I would like to plug in my outside nest camera to the outside GFCI circuit. It is a weatherproof outlet but I can't get the flaps/holes on the bottom or side to open.

How to do that?

Here is a picture:

enter image description here


  • 3
    You need to consider whether that specific box will remain waterproof after thos knockouts have been knocked out, or if the manufacturer provides gland kits. Commented Sep 25, 2023 at 13:21
  • 4
    @MarkMorganLloyd That box is not waterproof. It's weatherproof. Its purpose is to keep rain /snow /sprinkler water away from the outlet contacts.
    – JACK
    Commented Sep 25, 2023 at 17:17
  • 2
    With side-cutters: chomp chomp twist.
    – dandavis
    Commented Sep 25, 2023 at 18:18
  • 1
    @JACK My mistake, /weatherproof/. But the lid has a visible sealing strip around the edge, and any benefit of this will be negated by removing one of those cutouts. Commented Sep 26, 2023 at 6:42
  • 1
    @JACK It looked to me as though there was something lighter around the lid, but I barely feel it's worth quibbling about. Commented Sep 26, 2023 at 13:45

4 Answers 4


Typically a utility knife, a pair of pliers, or both. Cut, then twist, if using both.

The plastic is made thin at the edges to be broken out, but thick enough that the port remains intact until someone decides they actually want it open. They don't slide or otherwise open in a reversible way - they are literally broken out, and the hole will be there forever after.

Stick to using the ones on the bottom as it is mounted, for the least impact on weatherproofing.

  • Some (but not OP's) are reversible, and thus somewhat customizable. I'll add a pic in an answer, although, if you have one of those, it's pretty obvious and you hopefully won't be coming here for an answer :)
    – jay613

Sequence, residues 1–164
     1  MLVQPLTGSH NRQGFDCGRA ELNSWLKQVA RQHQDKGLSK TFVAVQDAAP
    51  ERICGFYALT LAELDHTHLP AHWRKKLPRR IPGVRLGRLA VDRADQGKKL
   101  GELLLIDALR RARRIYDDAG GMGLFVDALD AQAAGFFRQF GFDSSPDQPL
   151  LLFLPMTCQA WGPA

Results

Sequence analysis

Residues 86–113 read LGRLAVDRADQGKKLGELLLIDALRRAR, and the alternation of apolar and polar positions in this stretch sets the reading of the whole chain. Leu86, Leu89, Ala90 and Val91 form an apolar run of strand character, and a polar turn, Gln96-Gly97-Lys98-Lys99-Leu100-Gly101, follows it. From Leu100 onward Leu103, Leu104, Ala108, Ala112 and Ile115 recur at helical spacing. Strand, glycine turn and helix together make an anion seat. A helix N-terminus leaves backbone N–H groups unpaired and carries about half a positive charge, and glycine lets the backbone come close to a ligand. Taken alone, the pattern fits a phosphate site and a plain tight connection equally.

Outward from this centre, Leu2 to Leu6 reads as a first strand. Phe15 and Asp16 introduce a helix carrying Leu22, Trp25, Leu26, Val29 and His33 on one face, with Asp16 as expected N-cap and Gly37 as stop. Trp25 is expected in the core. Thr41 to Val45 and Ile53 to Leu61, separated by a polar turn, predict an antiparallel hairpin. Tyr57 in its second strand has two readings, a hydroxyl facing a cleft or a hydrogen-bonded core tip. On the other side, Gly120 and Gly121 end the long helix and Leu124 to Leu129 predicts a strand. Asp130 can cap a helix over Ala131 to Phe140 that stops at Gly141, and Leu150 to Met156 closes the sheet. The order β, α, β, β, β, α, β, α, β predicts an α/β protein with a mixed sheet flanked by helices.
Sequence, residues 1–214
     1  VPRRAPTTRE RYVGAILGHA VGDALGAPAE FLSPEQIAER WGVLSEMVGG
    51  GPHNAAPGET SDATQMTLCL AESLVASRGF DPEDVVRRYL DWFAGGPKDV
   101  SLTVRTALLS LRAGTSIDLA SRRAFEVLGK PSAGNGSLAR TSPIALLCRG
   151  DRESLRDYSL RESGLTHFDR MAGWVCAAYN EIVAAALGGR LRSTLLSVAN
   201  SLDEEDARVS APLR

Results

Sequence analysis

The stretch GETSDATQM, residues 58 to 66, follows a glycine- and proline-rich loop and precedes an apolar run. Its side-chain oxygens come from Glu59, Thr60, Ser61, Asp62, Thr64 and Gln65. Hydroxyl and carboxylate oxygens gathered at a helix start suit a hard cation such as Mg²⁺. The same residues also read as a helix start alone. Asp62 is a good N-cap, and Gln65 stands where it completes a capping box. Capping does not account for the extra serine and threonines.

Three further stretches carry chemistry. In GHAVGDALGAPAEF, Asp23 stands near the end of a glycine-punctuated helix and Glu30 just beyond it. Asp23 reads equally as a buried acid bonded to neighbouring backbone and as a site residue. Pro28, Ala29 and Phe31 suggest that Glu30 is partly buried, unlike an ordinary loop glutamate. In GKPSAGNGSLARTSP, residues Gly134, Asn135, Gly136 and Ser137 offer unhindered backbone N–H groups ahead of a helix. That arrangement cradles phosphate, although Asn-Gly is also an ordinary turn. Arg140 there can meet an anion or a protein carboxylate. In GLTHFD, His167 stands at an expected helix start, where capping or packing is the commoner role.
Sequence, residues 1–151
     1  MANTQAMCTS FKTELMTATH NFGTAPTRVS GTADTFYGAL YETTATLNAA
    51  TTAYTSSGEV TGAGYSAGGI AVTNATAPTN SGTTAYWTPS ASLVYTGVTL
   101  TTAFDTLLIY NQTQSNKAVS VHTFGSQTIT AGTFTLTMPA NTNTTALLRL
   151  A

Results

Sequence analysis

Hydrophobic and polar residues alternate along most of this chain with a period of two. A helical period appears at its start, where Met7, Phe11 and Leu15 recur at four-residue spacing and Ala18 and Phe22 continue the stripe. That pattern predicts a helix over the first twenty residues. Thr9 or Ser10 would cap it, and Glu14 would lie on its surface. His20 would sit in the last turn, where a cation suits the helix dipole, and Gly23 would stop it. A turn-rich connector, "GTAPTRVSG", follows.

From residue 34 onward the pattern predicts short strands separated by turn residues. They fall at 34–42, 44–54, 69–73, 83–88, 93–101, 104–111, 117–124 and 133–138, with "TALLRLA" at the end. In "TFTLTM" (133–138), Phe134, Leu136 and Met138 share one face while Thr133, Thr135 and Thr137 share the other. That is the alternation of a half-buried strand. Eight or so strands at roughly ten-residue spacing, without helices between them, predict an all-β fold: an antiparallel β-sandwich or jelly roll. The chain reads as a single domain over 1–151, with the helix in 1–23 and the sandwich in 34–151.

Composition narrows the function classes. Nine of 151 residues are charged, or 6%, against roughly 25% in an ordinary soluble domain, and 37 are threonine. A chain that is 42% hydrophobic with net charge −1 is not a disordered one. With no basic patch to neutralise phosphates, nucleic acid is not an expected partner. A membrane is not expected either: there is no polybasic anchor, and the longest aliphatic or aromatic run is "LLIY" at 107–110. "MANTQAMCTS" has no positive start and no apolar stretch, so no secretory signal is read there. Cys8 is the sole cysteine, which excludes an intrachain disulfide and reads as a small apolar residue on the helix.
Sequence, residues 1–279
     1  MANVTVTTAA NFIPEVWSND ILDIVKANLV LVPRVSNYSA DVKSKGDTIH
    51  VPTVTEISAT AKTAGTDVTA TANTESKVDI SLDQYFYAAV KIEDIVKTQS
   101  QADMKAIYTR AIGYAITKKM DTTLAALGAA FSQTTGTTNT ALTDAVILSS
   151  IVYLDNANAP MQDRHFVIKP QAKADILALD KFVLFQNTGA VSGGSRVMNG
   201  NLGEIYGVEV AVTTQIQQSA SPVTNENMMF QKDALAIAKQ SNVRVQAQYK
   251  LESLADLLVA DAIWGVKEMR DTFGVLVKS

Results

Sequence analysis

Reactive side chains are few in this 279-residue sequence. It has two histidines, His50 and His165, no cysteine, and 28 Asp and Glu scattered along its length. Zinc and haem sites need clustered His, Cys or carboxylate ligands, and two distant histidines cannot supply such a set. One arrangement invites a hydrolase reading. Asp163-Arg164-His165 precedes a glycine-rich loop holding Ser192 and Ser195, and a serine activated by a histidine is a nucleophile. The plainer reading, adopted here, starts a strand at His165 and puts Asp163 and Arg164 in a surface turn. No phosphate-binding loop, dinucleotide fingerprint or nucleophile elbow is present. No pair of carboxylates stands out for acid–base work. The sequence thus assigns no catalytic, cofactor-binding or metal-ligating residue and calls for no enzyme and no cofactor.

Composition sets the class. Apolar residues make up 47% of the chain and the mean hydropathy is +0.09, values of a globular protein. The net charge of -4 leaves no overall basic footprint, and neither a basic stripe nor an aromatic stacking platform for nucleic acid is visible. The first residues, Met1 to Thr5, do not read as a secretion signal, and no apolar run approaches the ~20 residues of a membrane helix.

Commented Sep 26, 2023 at 19:09

If you want this to stay waterproof-ish and the cabling is thin enough, I'd suggest to drill a hole big enough to accommodate a cable gland big enough for the cable and just use cable glands (the plastic screw-on-with-O-ring types) instead of knocking out. Worked like a charm for me. Sometimes you can even get glands that simply match the size of the hole you'd make by doing full knockout instead (i.e. have the same radius), and you can just drill a hole that matches the knockout radius itself and leave the rest of the plastic be.

Alternatively - drill a hole in the knockout, insert the cable and use silicon/epoxy to cover the rest of the hole. If there is no mechanical stress/tension on the cable, and if the hole is placed at the bottom of the box, it will be waterproof enough for most cases.


In my version of such a box, the cable exit tabs can be yanked out with a pair of pliers, and re-inserted. For things plugged in for days or weeks I like to carve a notch in the bottom one just big enough for the cable and re-insert it.

I do not believe this is possible with OP's box.

enter image description here


I don't exactly know the name of this, but thanks to a precocious 2-year-old, I noticed that some of these weatherproof receptacles come with a sort of rubber brush cable pass.

enter image description here

You can barely see it on the left side of this picture (and I believe the same cable pass is on the bottom). When you remove the hard plastic you can feed a cable through the rubber brush without completely destroying the weather-proofing (probably best to still only expose the bottom).

It's unclear in your picture if there is a similar rebate for a cable-pass/grommet/gasket but if there is, you could try to find a replacement that fits it for a long-term solution after if/when the plug is removed.

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